As the more than 45,000 tickets sold for the game Friday attest, as well as the near sellout last year at the Wells Fargo Center in Philadelphia, the appetite for the Phantoms - the affiliate of the Philadelphia Flyers - remains strong in Pennsylvania.
For some time, the Brookses had been looking to place a team in Allentown, which is about 60 miles northwest of Philadelphia. When the Phantoms became an option, they knew they'd never find a better fit.
"Six years ago, when we started down this path in Allentown, we even looked at the ECHL. The American Hockey League was where we wanted to be with it based on the market," Jim Brooks said. "When (Comcast Spectacor President and COO) Peter Luukko called Rob and I and said, ‘Hey, we're knocking down the Spectrum, do you want to buy the Phantoms?' It's a no-brainer. That was like a two-second conversation from that point out."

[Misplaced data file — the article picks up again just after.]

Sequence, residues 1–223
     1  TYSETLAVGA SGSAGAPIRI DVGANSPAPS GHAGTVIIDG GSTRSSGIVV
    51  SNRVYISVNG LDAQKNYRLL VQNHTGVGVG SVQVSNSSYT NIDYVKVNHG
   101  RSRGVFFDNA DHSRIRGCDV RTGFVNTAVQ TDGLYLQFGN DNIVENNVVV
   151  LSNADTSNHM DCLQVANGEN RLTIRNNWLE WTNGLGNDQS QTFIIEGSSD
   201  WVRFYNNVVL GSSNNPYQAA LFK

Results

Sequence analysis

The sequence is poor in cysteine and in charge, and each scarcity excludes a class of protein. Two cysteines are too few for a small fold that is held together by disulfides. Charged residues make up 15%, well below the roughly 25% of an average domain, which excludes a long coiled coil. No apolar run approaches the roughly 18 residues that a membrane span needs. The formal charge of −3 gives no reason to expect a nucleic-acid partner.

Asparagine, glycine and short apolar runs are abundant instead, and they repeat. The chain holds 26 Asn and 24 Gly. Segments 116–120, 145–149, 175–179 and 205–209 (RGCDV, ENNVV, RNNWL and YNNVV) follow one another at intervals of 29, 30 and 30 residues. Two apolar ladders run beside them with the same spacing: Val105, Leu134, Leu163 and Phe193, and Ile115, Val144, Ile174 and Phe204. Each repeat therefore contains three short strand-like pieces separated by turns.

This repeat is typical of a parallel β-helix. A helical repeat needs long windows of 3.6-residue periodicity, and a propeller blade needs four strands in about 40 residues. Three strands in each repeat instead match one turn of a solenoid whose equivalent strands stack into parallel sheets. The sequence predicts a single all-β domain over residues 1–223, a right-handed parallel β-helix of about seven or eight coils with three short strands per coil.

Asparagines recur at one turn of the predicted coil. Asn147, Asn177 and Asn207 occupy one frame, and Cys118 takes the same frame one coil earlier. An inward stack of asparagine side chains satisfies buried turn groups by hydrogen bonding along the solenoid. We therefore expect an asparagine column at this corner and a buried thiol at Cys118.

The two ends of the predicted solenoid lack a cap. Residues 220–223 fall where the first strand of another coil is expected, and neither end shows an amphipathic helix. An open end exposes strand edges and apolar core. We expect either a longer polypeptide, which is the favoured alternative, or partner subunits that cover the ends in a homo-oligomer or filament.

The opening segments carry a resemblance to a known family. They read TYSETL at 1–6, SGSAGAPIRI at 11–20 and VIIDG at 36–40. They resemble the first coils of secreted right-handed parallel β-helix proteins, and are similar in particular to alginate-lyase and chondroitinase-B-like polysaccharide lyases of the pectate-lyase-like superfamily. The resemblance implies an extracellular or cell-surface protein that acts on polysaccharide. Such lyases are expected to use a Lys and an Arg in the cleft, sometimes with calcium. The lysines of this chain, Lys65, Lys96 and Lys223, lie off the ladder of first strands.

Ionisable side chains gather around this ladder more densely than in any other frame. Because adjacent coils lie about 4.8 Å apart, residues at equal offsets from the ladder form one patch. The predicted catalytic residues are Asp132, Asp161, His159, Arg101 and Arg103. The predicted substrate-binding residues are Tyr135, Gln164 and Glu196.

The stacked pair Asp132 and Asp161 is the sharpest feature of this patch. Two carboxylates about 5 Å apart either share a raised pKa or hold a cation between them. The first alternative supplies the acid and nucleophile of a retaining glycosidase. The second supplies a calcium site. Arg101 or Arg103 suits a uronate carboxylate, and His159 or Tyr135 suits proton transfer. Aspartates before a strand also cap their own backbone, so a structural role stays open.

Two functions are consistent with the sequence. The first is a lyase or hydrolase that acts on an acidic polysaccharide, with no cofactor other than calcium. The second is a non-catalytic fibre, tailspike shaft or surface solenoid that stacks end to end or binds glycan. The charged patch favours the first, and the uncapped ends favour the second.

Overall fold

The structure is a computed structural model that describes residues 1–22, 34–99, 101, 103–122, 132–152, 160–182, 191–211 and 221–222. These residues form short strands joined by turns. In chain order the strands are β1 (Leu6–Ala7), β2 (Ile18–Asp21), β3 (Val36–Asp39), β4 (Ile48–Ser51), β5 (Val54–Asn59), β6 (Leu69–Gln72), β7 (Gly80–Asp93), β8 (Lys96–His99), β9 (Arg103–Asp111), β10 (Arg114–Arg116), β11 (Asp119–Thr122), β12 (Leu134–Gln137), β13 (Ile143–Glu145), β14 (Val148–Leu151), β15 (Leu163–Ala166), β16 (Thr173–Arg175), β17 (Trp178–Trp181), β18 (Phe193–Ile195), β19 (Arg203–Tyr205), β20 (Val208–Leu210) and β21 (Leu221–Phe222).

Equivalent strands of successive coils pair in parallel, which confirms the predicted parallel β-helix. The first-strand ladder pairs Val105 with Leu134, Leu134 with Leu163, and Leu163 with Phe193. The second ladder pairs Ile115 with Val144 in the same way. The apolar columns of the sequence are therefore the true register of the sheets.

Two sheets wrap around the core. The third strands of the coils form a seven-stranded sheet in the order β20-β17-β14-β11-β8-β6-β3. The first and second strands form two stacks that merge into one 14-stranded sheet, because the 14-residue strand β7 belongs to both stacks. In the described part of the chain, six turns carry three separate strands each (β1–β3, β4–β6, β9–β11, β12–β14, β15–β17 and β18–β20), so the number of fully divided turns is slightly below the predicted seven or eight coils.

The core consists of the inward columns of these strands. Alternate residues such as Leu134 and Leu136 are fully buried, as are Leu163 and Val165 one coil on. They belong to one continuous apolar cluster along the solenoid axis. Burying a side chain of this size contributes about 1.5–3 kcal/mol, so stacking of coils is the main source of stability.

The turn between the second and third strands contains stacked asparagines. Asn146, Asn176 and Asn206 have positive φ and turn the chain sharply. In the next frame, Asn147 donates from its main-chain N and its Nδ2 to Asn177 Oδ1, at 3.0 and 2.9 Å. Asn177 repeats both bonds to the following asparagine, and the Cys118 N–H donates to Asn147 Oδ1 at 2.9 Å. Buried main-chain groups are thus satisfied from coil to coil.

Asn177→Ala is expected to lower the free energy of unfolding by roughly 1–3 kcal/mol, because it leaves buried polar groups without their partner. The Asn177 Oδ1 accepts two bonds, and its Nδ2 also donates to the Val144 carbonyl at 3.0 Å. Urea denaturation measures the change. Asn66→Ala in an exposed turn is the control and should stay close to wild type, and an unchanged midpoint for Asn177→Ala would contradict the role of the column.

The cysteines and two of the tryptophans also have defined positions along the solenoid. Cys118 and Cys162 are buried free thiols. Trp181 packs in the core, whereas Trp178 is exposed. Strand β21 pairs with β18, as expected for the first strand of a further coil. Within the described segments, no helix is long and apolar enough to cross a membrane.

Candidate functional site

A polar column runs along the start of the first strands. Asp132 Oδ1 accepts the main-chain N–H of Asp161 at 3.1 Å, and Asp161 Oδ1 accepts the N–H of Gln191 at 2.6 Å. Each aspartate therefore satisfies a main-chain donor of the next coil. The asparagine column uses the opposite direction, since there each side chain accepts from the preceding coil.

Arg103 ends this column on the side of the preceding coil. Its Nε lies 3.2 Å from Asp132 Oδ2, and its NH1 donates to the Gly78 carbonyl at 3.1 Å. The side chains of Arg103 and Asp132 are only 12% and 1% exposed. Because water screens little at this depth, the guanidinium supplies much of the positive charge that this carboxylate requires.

While Allentown and the Phantoms may be a natural marriage, the Brookses believe that there could be a franchise somewhere that could feel that way about Glens Falls. But much remains to be proven.
"I see it as a little similar as to when Rob and I went to those two or three games Albany had in Glens Falls ... We had to feel comfortable that this project we're working on has light at the end of the tunnel. So the people showed us that ‘Look, I'm here tonight, I'm going to support a team.' And that's what we're doing, but in more than four games," Jim Brooks said.
"Someone is in a market right now that maybe they're not sure about. We can show them and our community can show them. ... (we) can support a team. That's how you convince somebody to move there."